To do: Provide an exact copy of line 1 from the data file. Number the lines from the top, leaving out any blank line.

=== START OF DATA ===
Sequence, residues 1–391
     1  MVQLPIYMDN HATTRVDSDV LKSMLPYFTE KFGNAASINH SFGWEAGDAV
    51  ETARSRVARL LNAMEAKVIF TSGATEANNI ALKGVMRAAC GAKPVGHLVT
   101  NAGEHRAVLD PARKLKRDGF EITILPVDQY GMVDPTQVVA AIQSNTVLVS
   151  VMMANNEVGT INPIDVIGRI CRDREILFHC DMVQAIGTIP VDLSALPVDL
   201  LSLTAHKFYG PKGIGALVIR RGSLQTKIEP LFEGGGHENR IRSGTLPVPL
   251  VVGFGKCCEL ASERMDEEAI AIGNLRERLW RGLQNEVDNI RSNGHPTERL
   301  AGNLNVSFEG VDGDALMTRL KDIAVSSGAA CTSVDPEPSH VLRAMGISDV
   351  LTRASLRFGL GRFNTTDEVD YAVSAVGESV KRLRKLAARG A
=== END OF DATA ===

Sequence, residues 1–391